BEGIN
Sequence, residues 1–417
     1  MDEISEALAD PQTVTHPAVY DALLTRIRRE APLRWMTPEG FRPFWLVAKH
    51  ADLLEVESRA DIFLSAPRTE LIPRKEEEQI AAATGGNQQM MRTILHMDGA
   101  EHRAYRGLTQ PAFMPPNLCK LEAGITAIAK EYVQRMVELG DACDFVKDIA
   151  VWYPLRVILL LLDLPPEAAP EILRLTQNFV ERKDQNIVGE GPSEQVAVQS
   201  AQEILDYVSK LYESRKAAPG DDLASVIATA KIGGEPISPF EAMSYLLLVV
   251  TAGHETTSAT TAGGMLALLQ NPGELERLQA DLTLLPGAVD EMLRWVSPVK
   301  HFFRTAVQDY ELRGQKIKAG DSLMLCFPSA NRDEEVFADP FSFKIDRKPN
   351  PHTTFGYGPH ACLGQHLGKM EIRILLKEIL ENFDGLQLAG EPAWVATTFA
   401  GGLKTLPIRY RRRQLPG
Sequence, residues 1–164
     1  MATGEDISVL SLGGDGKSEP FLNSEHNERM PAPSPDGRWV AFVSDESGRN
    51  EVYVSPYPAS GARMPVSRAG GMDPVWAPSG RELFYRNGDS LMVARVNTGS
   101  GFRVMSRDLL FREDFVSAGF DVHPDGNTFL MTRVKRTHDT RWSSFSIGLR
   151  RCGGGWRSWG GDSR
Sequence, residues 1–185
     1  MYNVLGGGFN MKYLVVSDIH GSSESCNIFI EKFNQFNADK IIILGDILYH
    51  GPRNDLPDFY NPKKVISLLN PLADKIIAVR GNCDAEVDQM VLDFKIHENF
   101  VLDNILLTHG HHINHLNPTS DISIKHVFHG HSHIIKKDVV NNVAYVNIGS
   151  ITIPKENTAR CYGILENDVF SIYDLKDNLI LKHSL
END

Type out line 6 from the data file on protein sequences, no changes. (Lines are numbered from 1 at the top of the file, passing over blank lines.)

   201  AQEILDYVSK LYESRKAAPG DDLASVIATA KIGGEPISPF EAMSYLLLVV